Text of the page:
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Wisconsin State Horticultural Society / Annual report of the Wisconsin State Horticultural Society for the year 1910
Volume XL, Part II (1910)

Taylor, O. M.
A comparison of tillage and sod mulch in an apple orchard,   pp. 117-125 PDF (1.9 MB)


Page 118


WISCONSIN STATE HORTICULTURAL SOCIETY.
we find specialists in apple-growing who are giving most care-
ful study to each one of these subjects and no one to-day is so
unwise as to set an orchard without looking into the subject most
carefully in order to avail himself of the rich experiences of the
past years.
It is not my purpose to note the progress made along all the
subjects connected with successful orchard management. They
are too many and the time too short, only one phase of the sub-
ject has been selected, namely:  The relations of "Sod" and
"Tillage" to the apple orchard.
In earlier years the trees were set in sod, or, as was more
commonly done, were set in cultivated land which produced tilled
crops for six or eight years, after which the ground was seeded
down to remain in sod for a series of years, being used either as
pasture or for the production of hay. As time passed many of
these orchards became or continued to be unproductive until in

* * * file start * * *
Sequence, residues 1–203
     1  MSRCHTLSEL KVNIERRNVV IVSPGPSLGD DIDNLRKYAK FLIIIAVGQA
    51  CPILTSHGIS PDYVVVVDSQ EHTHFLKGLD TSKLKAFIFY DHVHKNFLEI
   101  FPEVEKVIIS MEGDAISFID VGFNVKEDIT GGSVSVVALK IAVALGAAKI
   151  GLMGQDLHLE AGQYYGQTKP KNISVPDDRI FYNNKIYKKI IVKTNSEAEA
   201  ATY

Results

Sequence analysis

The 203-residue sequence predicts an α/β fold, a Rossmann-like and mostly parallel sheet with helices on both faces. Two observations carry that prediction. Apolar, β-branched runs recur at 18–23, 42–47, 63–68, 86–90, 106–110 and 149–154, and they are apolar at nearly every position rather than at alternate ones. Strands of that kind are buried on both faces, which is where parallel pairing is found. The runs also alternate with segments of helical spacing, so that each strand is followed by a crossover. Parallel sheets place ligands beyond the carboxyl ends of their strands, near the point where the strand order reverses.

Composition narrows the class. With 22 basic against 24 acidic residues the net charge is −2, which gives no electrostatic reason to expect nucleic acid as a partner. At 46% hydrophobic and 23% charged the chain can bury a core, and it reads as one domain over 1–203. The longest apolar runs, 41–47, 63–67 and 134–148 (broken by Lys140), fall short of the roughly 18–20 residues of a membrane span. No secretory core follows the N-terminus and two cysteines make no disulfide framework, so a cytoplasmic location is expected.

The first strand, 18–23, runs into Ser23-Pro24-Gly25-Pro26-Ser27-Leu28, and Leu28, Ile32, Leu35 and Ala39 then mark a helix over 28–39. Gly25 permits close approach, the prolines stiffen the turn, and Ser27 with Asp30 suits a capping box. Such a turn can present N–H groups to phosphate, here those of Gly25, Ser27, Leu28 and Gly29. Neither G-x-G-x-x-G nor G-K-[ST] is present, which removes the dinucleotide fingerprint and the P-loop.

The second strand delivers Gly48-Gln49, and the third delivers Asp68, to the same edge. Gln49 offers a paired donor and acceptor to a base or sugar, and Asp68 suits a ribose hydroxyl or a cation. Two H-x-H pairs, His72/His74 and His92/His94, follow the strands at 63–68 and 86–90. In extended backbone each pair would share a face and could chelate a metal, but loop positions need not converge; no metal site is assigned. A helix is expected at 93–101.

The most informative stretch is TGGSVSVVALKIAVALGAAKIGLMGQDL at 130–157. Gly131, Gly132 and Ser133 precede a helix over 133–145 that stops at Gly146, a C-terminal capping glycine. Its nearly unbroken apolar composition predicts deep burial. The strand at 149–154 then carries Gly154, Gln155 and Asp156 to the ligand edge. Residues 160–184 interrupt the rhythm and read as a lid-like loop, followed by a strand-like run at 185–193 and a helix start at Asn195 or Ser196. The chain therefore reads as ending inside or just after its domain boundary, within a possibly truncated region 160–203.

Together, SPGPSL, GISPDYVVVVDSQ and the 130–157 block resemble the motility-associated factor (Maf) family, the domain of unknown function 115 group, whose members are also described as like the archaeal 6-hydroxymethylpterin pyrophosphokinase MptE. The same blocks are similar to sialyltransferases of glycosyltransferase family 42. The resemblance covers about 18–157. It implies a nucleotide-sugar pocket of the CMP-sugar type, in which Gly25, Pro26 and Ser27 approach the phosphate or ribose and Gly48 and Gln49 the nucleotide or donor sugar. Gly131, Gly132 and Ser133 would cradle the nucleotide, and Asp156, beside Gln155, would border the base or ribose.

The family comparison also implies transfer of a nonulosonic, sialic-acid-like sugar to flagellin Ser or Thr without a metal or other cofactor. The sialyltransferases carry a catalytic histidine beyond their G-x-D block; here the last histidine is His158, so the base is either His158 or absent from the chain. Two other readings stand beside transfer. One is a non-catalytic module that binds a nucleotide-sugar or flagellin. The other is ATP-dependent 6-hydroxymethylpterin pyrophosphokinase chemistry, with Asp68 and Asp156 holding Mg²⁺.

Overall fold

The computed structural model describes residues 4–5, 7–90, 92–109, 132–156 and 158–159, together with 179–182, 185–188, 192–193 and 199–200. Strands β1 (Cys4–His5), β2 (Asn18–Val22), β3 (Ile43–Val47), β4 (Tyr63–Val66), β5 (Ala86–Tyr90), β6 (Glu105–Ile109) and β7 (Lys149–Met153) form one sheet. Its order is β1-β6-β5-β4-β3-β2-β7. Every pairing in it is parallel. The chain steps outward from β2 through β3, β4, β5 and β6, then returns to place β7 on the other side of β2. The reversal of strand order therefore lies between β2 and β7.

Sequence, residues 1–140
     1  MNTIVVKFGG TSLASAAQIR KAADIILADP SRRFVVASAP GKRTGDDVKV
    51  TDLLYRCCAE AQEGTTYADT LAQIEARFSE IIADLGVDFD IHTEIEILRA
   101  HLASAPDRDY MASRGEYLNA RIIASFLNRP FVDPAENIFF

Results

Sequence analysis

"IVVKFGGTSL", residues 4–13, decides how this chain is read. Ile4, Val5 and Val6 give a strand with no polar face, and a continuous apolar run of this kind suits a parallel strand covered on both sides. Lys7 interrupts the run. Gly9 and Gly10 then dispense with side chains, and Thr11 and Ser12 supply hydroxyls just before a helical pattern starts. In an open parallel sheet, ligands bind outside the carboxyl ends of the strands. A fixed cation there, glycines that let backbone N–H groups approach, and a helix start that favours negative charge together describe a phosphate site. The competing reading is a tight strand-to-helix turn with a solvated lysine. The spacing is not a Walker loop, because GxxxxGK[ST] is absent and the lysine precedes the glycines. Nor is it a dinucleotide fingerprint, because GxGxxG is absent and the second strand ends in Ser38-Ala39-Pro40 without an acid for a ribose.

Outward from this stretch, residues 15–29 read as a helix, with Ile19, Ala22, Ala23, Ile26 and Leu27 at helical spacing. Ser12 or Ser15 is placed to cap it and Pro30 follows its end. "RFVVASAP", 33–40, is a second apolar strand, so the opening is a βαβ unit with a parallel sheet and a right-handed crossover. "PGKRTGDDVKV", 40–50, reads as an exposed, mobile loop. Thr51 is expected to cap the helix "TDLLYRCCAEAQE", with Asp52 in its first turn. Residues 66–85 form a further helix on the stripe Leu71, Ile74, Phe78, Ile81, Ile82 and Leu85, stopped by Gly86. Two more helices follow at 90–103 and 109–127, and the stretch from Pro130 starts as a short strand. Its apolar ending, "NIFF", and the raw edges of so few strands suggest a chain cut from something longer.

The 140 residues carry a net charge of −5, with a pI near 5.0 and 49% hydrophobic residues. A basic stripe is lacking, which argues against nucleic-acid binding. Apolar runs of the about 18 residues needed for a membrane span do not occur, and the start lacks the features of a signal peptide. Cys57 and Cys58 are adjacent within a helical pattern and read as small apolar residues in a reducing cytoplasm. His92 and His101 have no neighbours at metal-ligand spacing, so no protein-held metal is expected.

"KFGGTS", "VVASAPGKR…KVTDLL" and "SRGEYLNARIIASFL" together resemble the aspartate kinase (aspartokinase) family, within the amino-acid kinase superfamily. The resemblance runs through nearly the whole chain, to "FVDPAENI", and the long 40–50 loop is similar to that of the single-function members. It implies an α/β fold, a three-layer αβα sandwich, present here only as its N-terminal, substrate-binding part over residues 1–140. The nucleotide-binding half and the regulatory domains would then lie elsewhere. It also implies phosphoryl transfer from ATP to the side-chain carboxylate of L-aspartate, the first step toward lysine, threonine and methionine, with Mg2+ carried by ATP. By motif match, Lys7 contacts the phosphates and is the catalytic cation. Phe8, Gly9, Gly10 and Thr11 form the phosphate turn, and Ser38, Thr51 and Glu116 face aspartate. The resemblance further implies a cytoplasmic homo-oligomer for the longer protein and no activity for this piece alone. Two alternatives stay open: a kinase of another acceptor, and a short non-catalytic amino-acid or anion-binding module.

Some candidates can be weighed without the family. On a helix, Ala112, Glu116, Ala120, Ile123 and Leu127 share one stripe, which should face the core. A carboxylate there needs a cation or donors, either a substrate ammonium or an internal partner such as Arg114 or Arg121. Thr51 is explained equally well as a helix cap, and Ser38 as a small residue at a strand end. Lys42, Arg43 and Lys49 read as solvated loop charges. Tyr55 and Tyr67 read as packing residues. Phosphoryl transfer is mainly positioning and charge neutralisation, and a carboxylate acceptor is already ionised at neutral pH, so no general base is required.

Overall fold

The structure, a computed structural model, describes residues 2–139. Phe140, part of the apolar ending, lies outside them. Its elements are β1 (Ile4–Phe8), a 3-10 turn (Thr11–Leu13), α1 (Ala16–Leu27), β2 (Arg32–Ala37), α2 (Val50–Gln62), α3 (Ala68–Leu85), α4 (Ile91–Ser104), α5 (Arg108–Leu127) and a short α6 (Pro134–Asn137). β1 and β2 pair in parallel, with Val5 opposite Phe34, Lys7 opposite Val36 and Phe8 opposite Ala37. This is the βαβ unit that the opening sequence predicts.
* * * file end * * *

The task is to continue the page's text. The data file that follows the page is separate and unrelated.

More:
despair the cutting down of the trees was seriously considered.
The Tillage movement which was the reaction following such a
condition gradually secured a prominent place until the cry
of "tillage and cover crops" appeared to be the only method of
procedure.
During the last ten years, however, opposition developed
against this system. It was not confined to New York but seemed
centered at two points; in Ohio under the leadership of Mr. F. P.
Vergon, a prominent and successful orchardist under the sod
or grass mulch system of apple culture, and at South Onondaga,
near Syracuse, N. Y., from which place Mr. Grant Hitchings
year after year exhibited at the State Fair many varieties of the
finest fruit, both in size and color, carrying away numerous
prizes for best plates of varieties and of collections. The prize-
winning fruit came from trees grown in sod; the marked resultb
secured here, and also from scattered orchards throughout West-
ern and Eastern New York, created considerable discussion as
to the relative merits of "Sod" and "Tillage".
These two men not only made vigorous claims but also put
up the goods to back their assertions. They exhibited fruit of
the highest degree of perfection. Owing to the results of Mr.
Vergon, the Ohio Experiment Station at Wooster began a series
of experiments in 1900, a preliminary report of which may be
found in Bulletin 171 published in 1906. which is designed to be
suggestive rather than conclusive.
118


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